Diminishing Effect of Exercise Training on AMPK Activity with Aging
Abstract Number: 1003-P
Authors: RICHARD M. REZNICK, GERALD I. SHULMAN.
Institutions: New Haven, CT.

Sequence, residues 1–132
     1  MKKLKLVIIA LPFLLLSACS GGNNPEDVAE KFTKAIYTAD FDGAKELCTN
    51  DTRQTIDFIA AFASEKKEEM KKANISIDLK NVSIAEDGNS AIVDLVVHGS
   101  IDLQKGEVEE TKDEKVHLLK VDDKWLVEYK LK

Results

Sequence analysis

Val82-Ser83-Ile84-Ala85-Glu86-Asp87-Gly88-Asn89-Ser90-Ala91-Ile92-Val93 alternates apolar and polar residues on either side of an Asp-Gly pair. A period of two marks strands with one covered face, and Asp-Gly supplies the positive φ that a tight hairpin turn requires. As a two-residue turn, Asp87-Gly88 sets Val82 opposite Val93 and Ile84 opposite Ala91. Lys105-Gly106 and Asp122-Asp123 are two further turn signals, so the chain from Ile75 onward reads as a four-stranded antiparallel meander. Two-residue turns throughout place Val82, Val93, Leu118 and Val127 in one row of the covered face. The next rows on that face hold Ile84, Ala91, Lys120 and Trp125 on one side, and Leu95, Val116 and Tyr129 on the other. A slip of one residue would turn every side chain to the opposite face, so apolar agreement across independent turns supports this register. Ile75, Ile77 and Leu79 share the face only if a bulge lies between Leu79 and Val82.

Results: Recent nuclear magnetic resonance spectroscopy studies have suggested that age-associated reductions in skeletal muscle mitochondrial activity may be partially responsible for the accumulation of intramyocellular lipid in aging, causing insulin resistance. Given the key role of AMP-Activated Protein Kinase (AMPK) in the activation of lipid oxidation, inhibition of lipid synthesis, and induction of mitochondrial biogenesis, we hypothesized that age-associated reductions in exercise-induced AMPK activation may play a role in causing the increase in intramyocellular lipid content and reductions in mitochondrial function associated with aging. To test this hypothesis, YOUNG (3-month-old) and OLD (28-month-old) Fisher 344 rats underwent a progressive five-day exercise training program consisting of running on a treadmill at 85% MVO2Max for 30 min per day. Exercise training resulted in a 110% increase in AMPK-α2 subunit activity in the YOUNG group (P=0.04 compared to basal activity). In contrast, there was no increase in AMPK-α2 subunit activity in the OLD rats in response to exercise training. Furthermore, there was no increase in AMPK phosphorylation of serine 218 on acetyl-CoA carboxylase (ACC), a downstream target of AMPK, in the OLD rats following exercise training despite a 127% increase in the YOUNG rats (P=0.01 compared to basal). CONCLUSION: Activation of AMPK by exercise training is reduced in OLD rats. This age-associated reduction in exercise-induced AMPK activation may play an important role in causing reductions in mitochondrial function, increases in intramyocellular lipid, and insulin resistance in the elderly.